Its FOMC time! The biggest question traders will be looking for the FOMC to answer is: “Will the committee begin to talk about tapering?” Inflation has been stronger than expected since the last meeting, with a headline CPI print of 5% YoY in May. At the meeting in April, Jerome Powell continued to say that the inflation is transitory, however several board members have recently indicated that it may be time to take a closer look. In addition, Non-Farm Payrolls for April and May were weaker than expected and there are still roughly 7.4 million people who haven’t returned to jobs since the pandemic. With the Fed stating that they are willing to let inflation run hot as they focus on maximizing employment, was this NFP data enough for them to consider a tapering discussion? The Fed currently is buying $120 billion bonds per month under the quantitative easing program. If the FOMC indicates that they are talking about tapering, they need to tip-toe around their language as to not cause a “taper tantrum”. See our complete guide to the upcoming FOMC meeting HERE. The DXY went bid on Friday, presumably on position squaring and short squeezing ahead of the Fed. Separately, it appears a bi-partisan infrastructure spending plan has been agreed to worth $1.2 trillion and does not include social programs (recall Biden was looking for a $2 trillion plan.)
The Norges Bank also meets this week to discuss interest rate policy. They are considered to be one of the front-runners to raise interest rates the earliest. At their previous meeting, Norway’s central bank said they will continue with the current monetary expansion however, they also noted that they will be ready to raise rates toward the latter half of 2021. Last week, Norway released inflation data. The headline YoY print was 2.7% vs 3.1% expected while the Core Inflation Rate was 1.5% YoY vs 2.1% expected. Will the committee consider this a “one time” miss, or will this affect their guidance and cause the central bank to push their rate hike forecast further out?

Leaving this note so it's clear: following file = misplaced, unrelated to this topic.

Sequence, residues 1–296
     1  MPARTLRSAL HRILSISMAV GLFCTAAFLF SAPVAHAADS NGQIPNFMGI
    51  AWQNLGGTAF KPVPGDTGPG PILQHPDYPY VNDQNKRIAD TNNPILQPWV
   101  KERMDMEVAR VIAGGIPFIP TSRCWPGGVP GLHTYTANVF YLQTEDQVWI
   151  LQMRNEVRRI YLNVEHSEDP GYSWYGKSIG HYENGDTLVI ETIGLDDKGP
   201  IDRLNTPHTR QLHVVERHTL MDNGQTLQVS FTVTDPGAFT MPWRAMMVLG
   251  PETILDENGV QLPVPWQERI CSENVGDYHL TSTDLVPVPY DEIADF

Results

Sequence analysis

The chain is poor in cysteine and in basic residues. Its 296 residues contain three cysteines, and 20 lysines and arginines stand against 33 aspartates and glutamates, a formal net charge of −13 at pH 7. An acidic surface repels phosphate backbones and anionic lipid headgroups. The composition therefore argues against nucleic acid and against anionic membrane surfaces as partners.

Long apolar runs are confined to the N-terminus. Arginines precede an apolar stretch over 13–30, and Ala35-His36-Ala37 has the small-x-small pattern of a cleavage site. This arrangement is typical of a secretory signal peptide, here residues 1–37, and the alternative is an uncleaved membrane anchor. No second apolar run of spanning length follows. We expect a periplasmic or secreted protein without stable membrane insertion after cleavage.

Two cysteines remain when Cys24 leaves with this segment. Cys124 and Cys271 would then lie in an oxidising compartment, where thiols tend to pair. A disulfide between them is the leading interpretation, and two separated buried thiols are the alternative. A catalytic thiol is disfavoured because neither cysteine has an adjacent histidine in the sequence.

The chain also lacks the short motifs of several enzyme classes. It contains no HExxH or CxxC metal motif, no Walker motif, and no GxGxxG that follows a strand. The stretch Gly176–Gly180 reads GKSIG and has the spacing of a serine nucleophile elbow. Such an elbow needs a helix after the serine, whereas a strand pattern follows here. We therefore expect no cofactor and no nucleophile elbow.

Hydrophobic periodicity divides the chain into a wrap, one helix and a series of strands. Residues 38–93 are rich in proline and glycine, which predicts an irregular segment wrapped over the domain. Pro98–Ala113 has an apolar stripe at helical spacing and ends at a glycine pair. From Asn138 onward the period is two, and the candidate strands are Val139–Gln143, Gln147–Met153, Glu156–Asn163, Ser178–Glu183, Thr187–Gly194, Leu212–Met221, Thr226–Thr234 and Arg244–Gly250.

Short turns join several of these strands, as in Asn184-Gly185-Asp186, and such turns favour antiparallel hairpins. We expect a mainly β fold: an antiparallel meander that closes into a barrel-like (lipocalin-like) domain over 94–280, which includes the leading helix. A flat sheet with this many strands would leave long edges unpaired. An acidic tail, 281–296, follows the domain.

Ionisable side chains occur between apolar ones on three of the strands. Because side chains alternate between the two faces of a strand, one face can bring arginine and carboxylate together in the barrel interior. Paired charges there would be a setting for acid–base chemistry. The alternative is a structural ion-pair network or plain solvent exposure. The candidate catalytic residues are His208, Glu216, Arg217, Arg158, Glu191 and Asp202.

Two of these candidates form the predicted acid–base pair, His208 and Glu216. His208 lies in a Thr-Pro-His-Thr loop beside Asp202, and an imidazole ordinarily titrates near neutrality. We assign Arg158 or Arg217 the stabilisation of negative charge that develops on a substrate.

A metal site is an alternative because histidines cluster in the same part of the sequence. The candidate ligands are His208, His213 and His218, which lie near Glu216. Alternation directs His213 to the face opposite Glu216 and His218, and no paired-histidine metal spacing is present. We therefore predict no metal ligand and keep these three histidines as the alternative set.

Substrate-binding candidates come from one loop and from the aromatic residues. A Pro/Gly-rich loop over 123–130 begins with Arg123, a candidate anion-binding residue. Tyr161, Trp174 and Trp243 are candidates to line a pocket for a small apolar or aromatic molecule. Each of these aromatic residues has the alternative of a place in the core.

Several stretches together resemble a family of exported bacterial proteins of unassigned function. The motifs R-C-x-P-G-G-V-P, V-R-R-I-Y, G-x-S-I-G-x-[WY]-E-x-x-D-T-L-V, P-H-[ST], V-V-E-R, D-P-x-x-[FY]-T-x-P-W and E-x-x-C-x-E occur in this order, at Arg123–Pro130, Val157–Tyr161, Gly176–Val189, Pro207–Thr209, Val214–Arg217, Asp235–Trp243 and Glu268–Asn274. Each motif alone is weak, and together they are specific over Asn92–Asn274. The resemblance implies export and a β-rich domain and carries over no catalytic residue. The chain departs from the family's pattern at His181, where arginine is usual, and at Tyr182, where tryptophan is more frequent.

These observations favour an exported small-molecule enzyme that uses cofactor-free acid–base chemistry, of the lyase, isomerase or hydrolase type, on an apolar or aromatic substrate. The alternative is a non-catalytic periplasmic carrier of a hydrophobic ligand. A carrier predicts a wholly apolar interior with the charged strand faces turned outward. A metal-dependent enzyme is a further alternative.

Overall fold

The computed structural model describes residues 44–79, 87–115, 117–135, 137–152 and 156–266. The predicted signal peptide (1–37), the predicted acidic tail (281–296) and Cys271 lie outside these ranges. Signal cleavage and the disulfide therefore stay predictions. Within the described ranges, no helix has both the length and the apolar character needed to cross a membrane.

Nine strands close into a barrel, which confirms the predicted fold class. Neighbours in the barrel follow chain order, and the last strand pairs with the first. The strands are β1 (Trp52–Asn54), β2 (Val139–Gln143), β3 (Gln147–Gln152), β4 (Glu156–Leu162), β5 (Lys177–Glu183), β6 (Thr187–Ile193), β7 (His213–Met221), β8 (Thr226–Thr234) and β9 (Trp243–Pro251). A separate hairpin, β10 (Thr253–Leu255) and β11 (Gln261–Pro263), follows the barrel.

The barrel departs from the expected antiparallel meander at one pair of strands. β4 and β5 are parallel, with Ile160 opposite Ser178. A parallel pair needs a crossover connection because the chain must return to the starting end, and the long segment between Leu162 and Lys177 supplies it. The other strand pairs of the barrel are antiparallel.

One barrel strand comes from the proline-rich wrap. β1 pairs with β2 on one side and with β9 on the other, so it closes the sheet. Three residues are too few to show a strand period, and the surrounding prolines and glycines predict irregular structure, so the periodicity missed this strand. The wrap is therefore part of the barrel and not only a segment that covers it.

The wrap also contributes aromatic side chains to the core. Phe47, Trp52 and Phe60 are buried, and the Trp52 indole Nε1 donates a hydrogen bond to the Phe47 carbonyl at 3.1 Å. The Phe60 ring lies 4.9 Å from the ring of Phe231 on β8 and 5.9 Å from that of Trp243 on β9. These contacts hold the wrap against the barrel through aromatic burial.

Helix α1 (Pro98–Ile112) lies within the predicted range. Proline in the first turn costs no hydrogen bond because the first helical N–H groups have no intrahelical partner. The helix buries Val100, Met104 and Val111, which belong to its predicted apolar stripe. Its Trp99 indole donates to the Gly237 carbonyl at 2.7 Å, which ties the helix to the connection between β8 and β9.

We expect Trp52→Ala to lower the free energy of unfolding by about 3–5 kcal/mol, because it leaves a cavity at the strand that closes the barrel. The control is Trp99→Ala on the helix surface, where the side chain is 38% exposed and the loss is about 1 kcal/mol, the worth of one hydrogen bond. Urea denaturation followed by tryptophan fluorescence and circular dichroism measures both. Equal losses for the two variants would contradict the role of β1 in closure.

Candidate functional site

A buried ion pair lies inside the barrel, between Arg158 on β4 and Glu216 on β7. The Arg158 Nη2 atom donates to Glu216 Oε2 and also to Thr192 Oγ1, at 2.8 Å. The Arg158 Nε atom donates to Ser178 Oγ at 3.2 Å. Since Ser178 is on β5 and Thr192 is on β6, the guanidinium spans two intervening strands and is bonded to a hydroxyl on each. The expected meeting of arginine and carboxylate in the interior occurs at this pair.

On a daily timeframe, USD/NOK hasn’t been much since mid-April when price fell below 8.3800. As a crude export led country, the value of the Norwegian Krone is often been correlated with the price of Crude Oil. However, currently, the correlation coefficient between WTI Crude Oil and USD/NOK is only -0.21, meaning there is almost no correlation between the 2 assets. If the Norges Bank is looking for inflation to come from crude oil, they aren’t getting it right now. USD/NOK has been moving lower in a descending wedge formation since putting in pandemic highs in March 2020. On May 21st, price drifted sideways outside the wedge. Expectations are that price will retrace the wedge, however thus far, price has yet to do so.
Source: Tradingview, FOREX.com
On a 240-minute timeframe, it’s easy to see that since the beginning of 2021, USD/NOK has been trading in 2 very well-defined ranges: between 8.38 and 8.68 prior to April 19th and between 8.18 and 8.38 from April 18th until today. The pair has tried multiple times to trade outside either end of those ranges, however, continues to fail. Will either of the central bank meetings his week be able to push USD/NOK above 8.38 or below 8.18. Resistance is at the prior trading range highs of 8.68. The 200 Day Moving Average sits just above that at 8.6880. If the Norges Bank remains hawkish than the FOMC, the pair can break down below 8.18, which also happens to confluence with the top downward sloping trendline of the wedge on the daily timeframe, the next support level is the bottom trendline of the wedge near 8.08.
Source: Tradingview, FOREX.com
With 2 central bank meetings this week which could affect USD/NOK, there are potential opportunities for a good deal of 2-way volatility in this pair.Learn more about forex trading opportunities